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mental health mondays :: d for depression?

one of the things that makes depression so difficult to treat is that it can be difficult to distinguish whether it's a condition in itself or a symptom of something else. you can be depressed for no reason other than being depressed, but you can also be depressed as an effect of a condition that has nothing to do with your mood, your outlook or your neurotransmitters- kinda.

because if you've ever tried to diagnose yourself on line, you've probably noticed that depression is a
symptom of just about everything- as ubiquitous as headaches or stomach upset, which means that just because you're showing all the symptoms of depression doesn't mean that it's necessarily your problem. excessive drinking causes depression. so can surgery. a lot of medications can cause depression. thyroid problems can too. chronic or long-duration illnesses like cancer, multiple sclerosis, fibromyalgia or diabetes are known to cause secondary depression at much higher rates than are found in the general population.

on top of that, the brain is vulnerable to imbalances in hormones, enzymes, vitamins and nutrients which can trigger depression. so if you're ever wondering why it can be difficult to find a treatment for depression, keep in mind just how fantastically complex you are.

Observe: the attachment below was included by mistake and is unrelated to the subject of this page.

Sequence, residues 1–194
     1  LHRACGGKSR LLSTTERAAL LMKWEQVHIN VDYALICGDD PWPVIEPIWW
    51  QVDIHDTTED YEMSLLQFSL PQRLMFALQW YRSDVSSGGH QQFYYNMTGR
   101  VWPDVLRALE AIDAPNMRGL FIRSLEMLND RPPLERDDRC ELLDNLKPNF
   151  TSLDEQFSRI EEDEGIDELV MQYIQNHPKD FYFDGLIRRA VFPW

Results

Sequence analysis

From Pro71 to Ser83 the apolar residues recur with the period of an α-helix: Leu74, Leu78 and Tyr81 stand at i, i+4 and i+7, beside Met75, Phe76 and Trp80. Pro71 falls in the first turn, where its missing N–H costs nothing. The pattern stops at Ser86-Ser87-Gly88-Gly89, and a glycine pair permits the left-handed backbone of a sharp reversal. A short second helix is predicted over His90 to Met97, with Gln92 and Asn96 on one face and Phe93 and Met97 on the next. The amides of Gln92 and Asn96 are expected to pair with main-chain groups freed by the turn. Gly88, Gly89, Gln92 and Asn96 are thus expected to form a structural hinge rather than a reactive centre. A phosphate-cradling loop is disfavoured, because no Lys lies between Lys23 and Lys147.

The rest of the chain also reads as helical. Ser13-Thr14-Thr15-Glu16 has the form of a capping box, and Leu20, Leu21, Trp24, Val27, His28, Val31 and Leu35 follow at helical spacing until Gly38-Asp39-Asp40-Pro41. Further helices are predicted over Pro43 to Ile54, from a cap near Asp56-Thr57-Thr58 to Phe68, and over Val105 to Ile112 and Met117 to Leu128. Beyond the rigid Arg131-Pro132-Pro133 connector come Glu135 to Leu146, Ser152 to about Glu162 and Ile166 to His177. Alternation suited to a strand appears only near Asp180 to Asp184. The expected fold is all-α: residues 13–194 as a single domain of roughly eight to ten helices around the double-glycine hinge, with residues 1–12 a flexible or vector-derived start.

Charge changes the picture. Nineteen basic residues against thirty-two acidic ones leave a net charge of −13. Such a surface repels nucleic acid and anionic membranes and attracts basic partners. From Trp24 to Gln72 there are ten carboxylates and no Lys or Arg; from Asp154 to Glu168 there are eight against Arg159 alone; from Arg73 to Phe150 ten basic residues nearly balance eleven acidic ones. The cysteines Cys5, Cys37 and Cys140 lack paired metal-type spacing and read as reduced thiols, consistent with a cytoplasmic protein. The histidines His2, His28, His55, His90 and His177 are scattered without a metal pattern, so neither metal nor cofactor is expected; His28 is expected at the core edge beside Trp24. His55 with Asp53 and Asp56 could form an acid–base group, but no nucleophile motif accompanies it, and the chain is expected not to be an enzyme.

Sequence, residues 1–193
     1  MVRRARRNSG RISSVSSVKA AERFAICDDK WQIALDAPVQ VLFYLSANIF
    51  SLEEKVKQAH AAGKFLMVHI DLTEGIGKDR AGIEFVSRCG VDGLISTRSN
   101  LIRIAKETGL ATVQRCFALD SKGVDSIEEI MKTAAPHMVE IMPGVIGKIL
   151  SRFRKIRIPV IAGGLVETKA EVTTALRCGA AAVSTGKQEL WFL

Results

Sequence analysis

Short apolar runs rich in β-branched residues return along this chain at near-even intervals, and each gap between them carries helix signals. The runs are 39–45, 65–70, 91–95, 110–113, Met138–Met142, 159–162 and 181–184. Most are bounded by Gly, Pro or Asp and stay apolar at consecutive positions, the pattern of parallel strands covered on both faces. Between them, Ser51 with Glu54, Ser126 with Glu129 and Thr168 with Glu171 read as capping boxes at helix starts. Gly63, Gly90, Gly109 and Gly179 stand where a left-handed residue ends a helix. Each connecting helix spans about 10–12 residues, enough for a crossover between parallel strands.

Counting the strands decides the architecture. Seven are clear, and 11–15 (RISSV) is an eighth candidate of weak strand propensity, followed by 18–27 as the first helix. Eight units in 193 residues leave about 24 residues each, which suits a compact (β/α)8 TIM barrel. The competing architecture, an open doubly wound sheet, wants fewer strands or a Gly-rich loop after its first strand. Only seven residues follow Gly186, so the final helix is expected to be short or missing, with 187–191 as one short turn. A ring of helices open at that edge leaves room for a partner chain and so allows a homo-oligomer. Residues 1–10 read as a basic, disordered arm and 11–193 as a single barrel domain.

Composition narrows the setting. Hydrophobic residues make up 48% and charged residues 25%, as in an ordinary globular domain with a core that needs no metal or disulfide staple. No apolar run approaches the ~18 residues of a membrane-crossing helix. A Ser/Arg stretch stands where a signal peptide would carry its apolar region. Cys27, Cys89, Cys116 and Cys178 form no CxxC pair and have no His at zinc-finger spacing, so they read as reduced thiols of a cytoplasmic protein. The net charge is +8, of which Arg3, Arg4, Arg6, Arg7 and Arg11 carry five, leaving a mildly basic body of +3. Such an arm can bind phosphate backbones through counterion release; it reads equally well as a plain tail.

evidence on dietary methods of controlling depression and other mood disorders is often controversial, often because it isn't conducted using the same standards as pharmaceutical testing [double-blinding, use of a placebo control]. unfortunately, that is more than likely to continue, simply because the financial incentives to conduct these sorts of tests is pretty lean. however, i was sort of interested to see the results of this new study conducted by the stritch school of medicine at loyola university in chicago.

the study is pretty specific in its scope: the effects of vitamin d on pain caused by depression in women with type 2 diabetes. but that may be the way of the future when it comes to controlling mental disorders without relying on powerful pharmaceuticals for years or even decades- rather than taking one thing to treat a broad condition like depression, it may be necessary to address the syndrome bit by bit.

after all, while it might seem obvious that vitamin d- which we get from sunlight, among other sources- might be effective against seasonal depression, research has shown that that's not necessarily true. and yet the loyola study shows that it is a very promising treatment for a specific symptom of depression within a particular sub-group.

clearly, we're only beginning to understand the complexity of the long term treatment of mental and mood disorders. but for now, especially if you're a woman with type 2 diabetes, make sure you enjoy the 5 minutes of daily sunshine we've been getting. 

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